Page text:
Earlier this month, Dr. Jerome Adams marked one year as surgeon general — a position nicknamed “America’s doctor.” In that time, he’s worked with the Trump administration as it declared the opioid epidemic a public health emergency; traveled to 26 states, Puerto Rico, and the U.S. Virgin Islands; and issued a rare advisory that has led to more Americans carrying naloxone.
Adams also recently released a report containing the latest opioid data and recommendations for what people can do to stem the addiction crisis. The initiative includes a digital postcard that Adams likened to the pamphlet about AIDS former Surgeon General C. Everett Koop mailed to every household in 1988. The postcard highlights properly storing and disposing opioid medications, other options for pain treatment beyond opioids, and treatments that exist for opioid addiction.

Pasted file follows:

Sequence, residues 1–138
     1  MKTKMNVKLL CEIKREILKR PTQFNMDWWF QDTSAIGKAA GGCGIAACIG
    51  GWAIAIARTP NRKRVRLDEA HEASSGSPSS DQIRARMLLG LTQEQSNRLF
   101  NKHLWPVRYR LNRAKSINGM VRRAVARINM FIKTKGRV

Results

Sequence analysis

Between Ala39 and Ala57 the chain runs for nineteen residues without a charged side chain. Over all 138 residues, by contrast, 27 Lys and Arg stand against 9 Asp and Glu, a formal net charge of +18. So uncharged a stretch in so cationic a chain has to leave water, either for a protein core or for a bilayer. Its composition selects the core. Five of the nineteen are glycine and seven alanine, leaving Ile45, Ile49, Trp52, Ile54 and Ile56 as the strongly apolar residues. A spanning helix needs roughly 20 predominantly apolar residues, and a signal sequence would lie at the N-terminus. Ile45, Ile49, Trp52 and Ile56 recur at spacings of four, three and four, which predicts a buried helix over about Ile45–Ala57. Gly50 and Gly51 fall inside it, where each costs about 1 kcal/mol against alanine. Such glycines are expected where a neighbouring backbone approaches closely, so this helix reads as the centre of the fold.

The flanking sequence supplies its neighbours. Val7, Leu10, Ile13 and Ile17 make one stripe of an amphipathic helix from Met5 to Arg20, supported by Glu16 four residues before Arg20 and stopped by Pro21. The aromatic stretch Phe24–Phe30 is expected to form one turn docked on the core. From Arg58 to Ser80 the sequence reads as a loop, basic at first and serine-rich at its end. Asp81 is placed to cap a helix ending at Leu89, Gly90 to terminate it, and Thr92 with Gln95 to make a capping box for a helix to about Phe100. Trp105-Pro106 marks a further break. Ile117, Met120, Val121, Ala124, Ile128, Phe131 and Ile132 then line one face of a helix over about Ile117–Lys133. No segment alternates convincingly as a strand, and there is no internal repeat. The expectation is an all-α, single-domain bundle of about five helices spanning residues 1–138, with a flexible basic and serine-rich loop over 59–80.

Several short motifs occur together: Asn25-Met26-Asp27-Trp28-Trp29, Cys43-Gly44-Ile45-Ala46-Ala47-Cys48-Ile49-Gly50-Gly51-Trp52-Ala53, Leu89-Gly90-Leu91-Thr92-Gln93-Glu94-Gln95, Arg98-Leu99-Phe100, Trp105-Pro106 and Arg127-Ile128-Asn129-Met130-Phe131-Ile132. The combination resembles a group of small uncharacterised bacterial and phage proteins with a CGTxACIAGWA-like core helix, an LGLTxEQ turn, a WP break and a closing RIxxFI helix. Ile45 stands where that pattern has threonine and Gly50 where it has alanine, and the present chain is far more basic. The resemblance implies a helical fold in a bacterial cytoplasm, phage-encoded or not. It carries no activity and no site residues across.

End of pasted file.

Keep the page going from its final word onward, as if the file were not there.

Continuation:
STAT caught up with Adams this week to see how the first year went, learn about his plans for year two, and hear his thoughts about some of the most pressing public health debates today, including safe injection sites, also known as supervised injection facilities, which a number of cities are hoping to open. Adams also updated STAT about his wife, Lacey, who is undergoing treatment for metastatic melanoma, and his brother, Phillip, who for years has struggled with addiction and is in a Maryland prison.